Classic Marathon 2021

Spain & Northern Portugal


An Advanced Adventure Through Iberia

4 - 9 July 2021

Congratulations to everyone who took part in and completed Classic Marathon 2021


The overall winners of Classic Marathon 2021 are:

1. Paul Crosby and Andy Pullan – Porsche 911

2. Mark and Sue Godfrey – MG B

3. Marcus Anderson and Matthew Lymn Rose – Jaguar E-Type


Click to expand menu

All Documentation Is Available For Download At The Bottom Of This Page

Rally Report

Classic Marathon Day One – International Competition Roars Back into Action

Big Cat Carries the Pride of Top Spot So Far

Chasing Pack Only Seconds Behind

Everyone Enjoys Incredible Day of Alpine Roads

Often, the first thing that one notices when awaking in a new place is the bird song. The vernacular of the local fowl is full of idiosyncrasies that point to the fact that you have arrived in a new location, and whilst most of us couldn’t tell our Tits from our Carduelis, the colloquialisms of the resident warblers is plain as day to all but the most tunnel visioned of us. Bird song is also intrinsically linked to a new dawn and new beginnings, an experience all too rare in the past 18 months, when most of us have gotten used to the repeated impact of false dawns. But not today, as this fourth of July for a lucky few of us the the daybreak was greeted with the song of foreign birds for the first time in many months and, shortly thereafter, the morning chorus was split by the sound of rally cars competing in HERO-ERA’s first international event for nearly 500 days, The Classic Marathon.

Paul Crosby led the field away, in his trademark green Porsche 911, with Andy Pullan sat in the map seat. As winners of the previous Classic Marathon, they had the honour of passing the starters flag first, although the Spanish sun would not smile on them quite so favourably as the God’s had last time out in Greece. Before any sorting out could be done though, four regularities and two tests had to be navigated on a 335 km route that would see the train of 29 cars head south, away from Las Caldas, and finish in Ponferrada.

Trouble would hit the crew of car 3, the majestic Cadillac 314 Racer of Christian Mueller and Roger Vogel almost before the first regularity, with the Peking to Paris destined machine becoming lost in the Mountains south of Oviedo and leaving them with almost 100 minutes of penalty points by the end of day one. Still, far better to iron out the creases now, before tackling the 8500-mile adventure from Beijing next year.

It was a shame that they missed out on the sections of route that they did, as the mountains that stood sentry over the roads that would take crews into the Trubia Valley were almost as spectacular as the driving itself. The early stages largely set a theme for the day, as ranges were climbed and valleys descended into, with the regularities gradually gaining in difficulty.

Regularity four would provide one of the first of ‘traps’ set for competitors, a cheeky little deviation that took crews off road and up a steep incline to the first timing point and would catch out a number of crews, including the Bentley of Reto Mebes and Mike Cowburn. The deviation must also have upset the rhythm of Klaus Schaffrath and Andrew Duerden, as they clean missed the next turn after the timing point completely, the Alfa Romeo Giullia finishing the day in 18th.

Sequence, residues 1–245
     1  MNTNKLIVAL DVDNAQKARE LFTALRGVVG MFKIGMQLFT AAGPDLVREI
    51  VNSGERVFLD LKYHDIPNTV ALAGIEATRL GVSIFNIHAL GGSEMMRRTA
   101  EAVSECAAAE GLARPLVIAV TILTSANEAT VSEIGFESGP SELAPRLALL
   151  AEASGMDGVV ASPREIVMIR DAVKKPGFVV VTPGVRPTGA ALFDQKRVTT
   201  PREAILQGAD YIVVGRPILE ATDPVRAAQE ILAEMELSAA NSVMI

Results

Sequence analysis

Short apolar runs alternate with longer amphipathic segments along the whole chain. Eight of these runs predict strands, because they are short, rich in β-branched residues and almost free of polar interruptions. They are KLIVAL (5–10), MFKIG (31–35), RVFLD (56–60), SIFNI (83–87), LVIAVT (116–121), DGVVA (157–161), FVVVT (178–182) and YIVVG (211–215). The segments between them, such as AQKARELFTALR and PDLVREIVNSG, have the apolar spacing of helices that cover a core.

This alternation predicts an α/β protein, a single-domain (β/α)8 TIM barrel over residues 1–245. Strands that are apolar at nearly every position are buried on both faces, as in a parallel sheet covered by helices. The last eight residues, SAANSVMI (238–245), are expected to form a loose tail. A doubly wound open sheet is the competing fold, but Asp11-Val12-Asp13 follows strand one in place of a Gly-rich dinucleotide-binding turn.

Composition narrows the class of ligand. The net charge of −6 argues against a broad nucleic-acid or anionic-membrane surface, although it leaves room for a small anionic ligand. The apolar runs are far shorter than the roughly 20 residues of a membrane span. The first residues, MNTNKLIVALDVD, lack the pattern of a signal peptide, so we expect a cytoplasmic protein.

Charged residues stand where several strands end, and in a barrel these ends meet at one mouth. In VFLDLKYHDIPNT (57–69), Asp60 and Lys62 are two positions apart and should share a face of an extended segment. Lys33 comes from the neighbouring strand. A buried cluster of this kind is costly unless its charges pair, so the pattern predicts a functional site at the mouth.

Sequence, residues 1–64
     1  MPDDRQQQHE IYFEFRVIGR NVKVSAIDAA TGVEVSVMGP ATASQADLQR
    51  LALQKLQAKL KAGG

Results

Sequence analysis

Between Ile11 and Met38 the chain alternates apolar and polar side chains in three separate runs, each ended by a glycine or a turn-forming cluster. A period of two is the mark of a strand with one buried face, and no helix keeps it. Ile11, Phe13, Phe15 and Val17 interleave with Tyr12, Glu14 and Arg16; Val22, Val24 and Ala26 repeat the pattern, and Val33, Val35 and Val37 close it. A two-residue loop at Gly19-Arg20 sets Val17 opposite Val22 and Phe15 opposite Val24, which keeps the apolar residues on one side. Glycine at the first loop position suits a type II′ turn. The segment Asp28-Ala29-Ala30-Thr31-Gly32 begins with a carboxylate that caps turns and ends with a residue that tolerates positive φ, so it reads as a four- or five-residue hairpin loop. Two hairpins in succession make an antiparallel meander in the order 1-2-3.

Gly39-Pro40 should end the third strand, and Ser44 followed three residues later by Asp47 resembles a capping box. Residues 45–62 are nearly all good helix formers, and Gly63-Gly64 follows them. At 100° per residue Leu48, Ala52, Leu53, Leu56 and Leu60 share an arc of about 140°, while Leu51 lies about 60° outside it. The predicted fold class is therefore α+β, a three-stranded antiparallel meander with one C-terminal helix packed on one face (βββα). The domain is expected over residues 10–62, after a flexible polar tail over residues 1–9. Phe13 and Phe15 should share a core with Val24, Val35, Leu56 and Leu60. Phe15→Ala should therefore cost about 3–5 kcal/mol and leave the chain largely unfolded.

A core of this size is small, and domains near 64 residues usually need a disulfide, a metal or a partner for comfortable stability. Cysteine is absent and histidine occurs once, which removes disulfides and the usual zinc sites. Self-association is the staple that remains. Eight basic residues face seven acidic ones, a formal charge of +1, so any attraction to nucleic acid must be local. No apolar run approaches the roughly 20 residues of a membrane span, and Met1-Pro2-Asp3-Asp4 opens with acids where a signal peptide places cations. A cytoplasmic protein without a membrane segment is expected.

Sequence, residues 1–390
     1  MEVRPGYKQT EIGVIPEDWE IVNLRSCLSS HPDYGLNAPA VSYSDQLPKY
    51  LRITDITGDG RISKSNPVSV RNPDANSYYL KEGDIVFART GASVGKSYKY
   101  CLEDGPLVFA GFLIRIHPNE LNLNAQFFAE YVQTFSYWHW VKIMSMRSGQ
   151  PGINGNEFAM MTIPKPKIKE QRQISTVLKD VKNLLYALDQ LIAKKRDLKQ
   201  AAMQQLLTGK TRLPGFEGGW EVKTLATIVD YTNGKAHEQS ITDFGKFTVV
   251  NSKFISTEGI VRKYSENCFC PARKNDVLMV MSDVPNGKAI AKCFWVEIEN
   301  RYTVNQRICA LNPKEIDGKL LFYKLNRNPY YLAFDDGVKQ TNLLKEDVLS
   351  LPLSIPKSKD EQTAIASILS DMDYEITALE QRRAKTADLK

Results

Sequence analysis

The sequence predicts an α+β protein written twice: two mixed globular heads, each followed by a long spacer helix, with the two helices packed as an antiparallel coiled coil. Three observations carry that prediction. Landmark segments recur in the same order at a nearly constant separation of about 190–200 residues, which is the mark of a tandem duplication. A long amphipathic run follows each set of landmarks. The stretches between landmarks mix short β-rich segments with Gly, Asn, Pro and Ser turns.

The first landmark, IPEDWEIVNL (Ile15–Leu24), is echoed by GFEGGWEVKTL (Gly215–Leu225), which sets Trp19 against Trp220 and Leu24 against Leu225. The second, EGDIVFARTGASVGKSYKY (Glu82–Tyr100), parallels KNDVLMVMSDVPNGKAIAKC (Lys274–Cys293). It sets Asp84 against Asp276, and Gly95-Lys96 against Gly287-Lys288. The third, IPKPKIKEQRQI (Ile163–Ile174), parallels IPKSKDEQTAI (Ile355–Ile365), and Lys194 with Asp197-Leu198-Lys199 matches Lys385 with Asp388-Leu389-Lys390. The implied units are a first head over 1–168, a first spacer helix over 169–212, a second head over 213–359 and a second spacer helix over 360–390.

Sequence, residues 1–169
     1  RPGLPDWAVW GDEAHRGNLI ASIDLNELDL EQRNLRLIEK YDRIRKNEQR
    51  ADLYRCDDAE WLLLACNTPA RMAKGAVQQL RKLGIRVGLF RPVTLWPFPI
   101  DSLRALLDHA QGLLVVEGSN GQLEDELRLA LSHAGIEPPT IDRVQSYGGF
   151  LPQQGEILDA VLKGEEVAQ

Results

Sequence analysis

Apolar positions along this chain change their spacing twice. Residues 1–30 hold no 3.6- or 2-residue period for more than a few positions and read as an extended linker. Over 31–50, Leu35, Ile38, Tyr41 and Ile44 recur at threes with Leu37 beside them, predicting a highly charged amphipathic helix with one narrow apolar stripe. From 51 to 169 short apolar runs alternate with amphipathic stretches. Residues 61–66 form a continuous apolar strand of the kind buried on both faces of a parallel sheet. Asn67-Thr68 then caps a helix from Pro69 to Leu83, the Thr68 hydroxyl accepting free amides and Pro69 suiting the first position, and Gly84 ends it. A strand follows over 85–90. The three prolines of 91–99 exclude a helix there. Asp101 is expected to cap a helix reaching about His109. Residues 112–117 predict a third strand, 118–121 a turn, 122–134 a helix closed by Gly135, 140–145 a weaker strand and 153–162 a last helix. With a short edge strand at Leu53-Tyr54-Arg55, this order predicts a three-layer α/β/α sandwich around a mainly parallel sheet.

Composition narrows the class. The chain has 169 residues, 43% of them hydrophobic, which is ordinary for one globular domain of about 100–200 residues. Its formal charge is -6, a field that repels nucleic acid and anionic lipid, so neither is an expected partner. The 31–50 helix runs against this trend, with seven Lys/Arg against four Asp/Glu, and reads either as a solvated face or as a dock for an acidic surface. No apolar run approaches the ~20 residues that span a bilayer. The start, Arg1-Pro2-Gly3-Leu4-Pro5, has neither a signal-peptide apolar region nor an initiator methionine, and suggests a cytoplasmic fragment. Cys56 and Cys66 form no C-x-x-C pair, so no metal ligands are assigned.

At the summit of the leader board on day one was the returning, not to mention resplendent, Jaguar E-Type occupied by Marcus Anderson and Matthew Lymm Rose. The instantly recognisable big cat is celebrating a special anniversary this year, but the way in which Marcus threw the car around the days final tests showed that the old girl is still a very nimble performer. The substantial crowd of spectators gathered at the Cabanas Raras Kart Circuit roared with appreciation, as they did when Malcolm Dunderdale threw his much newer Mercedes 190 around the bends a few minutes later, largely with the DTM bruiser rotating around the bends on three wheels. Despite the flamboyance, he and navigator Anita Wickens finished the day in the midfield overall, whilst the remaining top three places were occupied by Mark and Sue Godfrey in their baby blue MGB and HERO Cup and Golden Roamer winners Paul Bloxidge and Ian Canavan, in Paul’s Golf GTi, all separated by a meagre ten seconds.

Of course, anything can happen in rallying and the real shape of the leader board will become apparent as the week draws on, with the chasing pack headed up by current HERO Cup champion Jayne Wignall, sat nicely in fourth place just a few seconds adrift of the top three. The real result today though, was the resumption of international competition amongst the HERO-ERA community, and the smiles and fist pumps on display at the final control of todays proceedings were evidence of the satisfaction, relief and sheer joy experienced by everyone involved today, competitors and event staff alike. Onward to tomorrow, and the rallies arrival in Portugal!